HMRC accepts money under the Faster Payments system, which allows cash to go through in two hours. However, each bank has a limit on how much you can transfer under Faster Payments. The limits range from £5,000 to £100,000. See each provider's limit.
You can no longer pay the bill using a personal credit card or at the post office.
What if I've signed up to a repayment plan?
Those who owe tax of less than £30,000 (and more than £32) in January 2021 (so that'd be the deferred July payment and January 2021's 'on account' payment) have been able to use HMRC's 'Enhanced Time to Pay' mechanism to agree a repayment plan to spread that tax bill and repay it by direct debit over up to 12 months – even if that goes beyond the 31 January 2021 deadline.
To use this service, you need to have filed your 2019/20 tax return by the 31 January 2021 deadline and set up the repayment plan no later than 60 days after the due date of a debt. In addition, you need to have no outstanding tax returns, other tax debts or other payment plans set up. You can set up a Time to Pay plan online through your tax account, or you can call HMRC on 0300 200 3822 (open Monday to Friday, 8am to 4pm).
However, bear in mind that those who use this system will pay simple interest (meaning it doesn't compound) of 2.6% a year from 1 February 2021 until their bill has been repaid in full.
What if I can't afford to pay the tax?
If your bill is correct but you find you can't afford it, contact HMRC as soon as possible, as you may be able to avoid late payment penalties by coming to an arrangement to spread your payments over a period of time. (Also see our Free Tax Code Calculator to ensure you're on the right tax code).
You'll need a reasonable excuse for not paying your tax on time. This is usually something unexpected or outside your control that stopped you meeting a tax obligation. For example:
- Your partner or another close relative died shortly before the tax return or payment deadline.
- You had an unexpected stay in hospital that prevented you from dealing with your tax affairs.
- You had a serious or life-threatening illness.
- Your computer or software failed just before or while you were preparing your online return.
- Issues with HMRC's online services.
- A fire, flood or theft prevented you from completing your tax return.
HMRC has also confirmed that if someone is unable to file because of the impact of Covid-19 that this will be accepted as a reasonable excuse, and any penalties will be cancelled provided you manage to file as soon as possible after that.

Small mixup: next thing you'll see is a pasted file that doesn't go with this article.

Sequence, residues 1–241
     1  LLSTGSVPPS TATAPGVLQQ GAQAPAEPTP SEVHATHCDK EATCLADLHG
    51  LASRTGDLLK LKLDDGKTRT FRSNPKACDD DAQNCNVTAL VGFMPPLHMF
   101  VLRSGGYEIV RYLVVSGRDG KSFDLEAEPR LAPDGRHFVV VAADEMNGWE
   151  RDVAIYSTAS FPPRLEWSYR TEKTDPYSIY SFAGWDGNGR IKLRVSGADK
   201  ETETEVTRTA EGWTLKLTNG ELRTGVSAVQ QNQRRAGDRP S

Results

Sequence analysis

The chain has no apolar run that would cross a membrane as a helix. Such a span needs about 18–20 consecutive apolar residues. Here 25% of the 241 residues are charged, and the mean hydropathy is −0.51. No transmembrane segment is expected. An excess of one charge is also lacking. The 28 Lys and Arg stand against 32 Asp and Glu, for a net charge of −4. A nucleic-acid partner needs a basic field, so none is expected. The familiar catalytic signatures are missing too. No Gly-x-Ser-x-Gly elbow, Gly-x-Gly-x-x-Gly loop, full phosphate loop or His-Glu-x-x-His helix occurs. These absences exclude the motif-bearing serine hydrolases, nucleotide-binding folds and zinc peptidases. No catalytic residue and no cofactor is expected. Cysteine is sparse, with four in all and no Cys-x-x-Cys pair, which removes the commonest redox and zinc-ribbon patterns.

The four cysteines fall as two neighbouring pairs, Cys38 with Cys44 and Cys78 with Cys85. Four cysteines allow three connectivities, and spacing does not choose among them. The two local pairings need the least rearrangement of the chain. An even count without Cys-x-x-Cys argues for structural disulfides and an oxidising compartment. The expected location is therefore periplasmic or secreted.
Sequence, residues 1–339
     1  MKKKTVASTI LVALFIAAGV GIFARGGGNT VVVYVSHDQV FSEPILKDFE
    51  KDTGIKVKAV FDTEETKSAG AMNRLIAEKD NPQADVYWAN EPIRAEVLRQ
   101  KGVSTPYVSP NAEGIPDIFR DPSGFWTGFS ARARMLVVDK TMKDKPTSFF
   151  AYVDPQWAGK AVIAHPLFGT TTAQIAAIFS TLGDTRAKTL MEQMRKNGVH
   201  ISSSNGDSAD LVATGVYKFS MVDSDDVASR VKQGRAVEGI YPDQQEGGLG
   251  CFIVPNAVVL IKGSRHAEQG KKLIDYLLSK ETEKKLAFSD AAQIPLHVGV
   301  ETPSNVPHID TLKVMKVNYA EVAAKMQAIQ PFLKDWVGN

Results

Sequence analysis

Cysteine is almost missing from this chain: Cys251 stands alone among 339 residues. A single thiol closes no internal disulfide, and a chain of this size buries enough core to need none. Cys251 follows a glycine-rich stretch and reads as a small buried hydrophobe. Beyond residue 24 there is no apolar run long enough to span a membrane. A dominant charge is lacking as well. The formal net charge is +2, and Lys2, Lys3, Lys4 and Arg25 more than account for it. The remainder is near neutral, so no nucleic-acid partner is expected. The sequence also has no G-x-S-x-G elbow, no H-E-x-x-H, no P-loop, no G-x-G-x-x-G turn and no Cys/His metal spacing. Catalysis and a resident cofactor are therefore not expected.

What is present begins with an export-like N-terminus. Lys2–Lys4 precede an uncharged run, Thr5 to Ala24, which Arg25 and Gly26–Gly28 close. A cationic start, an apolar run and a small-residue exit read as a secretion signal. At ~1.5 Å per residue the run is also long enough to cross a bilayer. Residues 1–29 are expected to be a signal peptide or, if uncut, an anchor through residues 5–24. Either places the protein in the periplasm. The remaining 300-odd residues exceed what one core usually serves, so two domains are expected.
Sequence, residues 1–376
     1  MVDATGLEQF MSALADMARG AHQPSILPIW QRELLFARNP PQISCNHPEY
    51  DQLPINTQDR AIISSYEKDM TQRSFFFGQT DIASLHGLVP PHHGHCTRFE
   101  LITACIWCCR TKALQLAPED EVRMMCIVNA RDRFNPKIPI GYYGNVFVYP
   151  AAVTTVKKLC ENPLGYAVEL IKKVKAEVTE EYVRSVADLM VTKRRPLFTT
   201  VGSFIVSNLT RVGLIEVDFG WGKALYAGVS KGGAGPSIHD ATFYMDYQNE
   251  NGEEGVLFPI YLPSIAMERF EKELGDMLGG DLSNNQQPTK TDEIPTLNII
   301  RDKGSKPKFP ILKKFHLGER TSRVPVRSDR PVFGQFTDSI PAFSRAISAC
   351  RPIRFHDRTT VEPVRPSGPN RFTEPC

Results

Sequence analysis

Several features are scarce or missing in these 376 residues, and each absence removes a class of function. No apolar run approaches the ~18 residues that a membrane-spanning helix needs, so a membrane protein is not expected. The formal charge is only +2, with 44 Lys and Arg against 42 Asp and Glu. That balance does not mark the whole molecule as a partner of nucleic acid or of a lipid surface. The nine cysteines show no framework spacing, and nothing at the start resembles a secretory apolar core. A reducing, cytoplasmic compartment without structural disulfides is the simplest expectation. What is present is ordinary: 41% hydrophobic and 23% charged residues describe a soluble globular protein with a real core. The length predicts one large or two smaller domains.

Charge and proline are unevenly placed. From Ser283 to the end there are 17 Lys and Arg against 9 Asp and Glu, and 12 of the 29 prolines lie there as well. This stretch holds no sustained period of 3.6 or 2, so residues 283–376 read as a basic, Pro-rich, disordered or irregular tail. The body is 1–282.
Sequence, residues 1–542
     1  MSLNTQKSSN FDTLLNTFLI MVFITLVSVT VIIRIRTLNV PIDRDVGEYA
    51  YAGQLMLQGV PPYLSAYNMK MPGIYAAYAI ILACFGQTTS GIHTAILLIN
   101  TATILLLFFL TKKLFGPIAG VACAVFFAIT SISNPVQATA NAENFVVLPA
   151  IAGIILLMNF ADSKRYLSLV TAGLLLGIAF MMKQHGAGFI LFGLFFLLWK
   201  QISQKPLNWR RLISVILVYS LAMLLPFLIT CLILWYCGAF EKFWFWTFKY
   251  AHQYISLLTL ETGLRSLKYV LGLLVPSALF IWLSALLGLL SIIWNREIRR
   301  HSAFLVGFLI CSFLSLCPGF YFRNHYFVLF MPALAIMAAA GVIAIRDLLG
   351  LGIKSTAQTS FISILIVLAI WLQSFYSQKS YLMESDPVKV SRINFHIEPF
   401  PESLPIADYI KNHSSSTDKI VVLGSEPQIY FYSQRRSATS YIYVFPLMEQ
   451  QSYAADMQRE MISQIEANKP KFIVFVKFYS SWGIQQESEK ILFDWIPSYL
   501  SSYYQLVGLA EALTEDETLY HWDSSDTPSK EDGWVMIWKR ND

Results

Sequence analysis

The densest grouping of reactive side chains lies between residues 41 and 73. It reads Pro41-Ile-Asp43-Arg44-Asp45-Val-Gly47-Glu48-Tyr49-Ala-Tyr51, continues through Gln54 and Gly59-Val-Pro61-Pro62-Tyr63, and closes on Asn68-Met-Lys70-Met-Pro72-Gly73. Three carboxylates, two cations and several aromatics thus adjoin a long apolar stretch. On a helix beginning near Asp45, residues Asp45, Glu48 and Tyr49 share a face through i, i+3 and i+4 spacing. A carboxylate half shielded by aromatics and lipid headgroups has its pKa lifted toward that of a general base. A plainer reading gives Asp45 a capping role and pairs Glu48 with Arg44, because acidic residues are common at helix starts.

What if I miss the deadline?
You'll be charged a £100 penalty if you fail to submit your return by the deadline – even if there's no tax to pay.
Further penalties of £10 a day are applied after three months, up to a maximum of £900. After six months, you'll get a further penalty of 5% of the tax owed or £300 (whichever is greater), which is repeated at 12 months.
There are also extra penalties for paying the tax late – these will be charged at 5% of the unpaid tax after 30 days, six months and 12 months. Plus, interest at 2.6% is applied to unpaid taxes straight away.
The Government provides an online tool for calculating how much you'll need to pay in penalties and interest if you miss the deadlines.
Who should I contact for further advice?
You can also contact HMRC for advice directly by calling the helpline on 0300 200 3310. It's open from 8am to 8pm on weekdays, 8am to 4pm on Saturdays and 9am to 5pm on Sundays. You can also get general help from HMRC customer support on Twitter.
HMRC to waive fines for people who file late tax returns due to coronavirus
Anyone who needs to file an annual self-assessment tax return online could avoid paying a penalty fee if they miss this month's deadline due to coronavirus-related reasons, HMRC has said – though penalties for paying tax late will still apply.
Those who file one later than that would usually have to pay a fine. But this year HMRC says it will accept pandemic-related personal or business disruption as a "reasonable excuse" for being unable to file on time, and it'll cancel penalties as long as you file as soon as possible after that.
The taxman has, however, been vague on what exactly counts as a valid coronavirus-related reason. HMRC won't give us any specifics, and says only that it'll look at each situation on a case-by-case basis – so it's unclear, for example, if you can file late because you ran out of time due to homeschooling. If you can, it's still best to file on time to be safe. If you're struggling due to coronavirus, but are unsure if you've a valid excuse, contact HMRC directly to check.
In reality, many who file late due to coronavirus may still have to pay a fine if they are late paying their tax, as the penalties for that remain unchanged – though they don't kick in until 30 days after the 31 January 2021 deadline. See our HMRC to waive fines for people who file late tax returns due to coronavirus – but you'll still be fined for late payment MSE News story.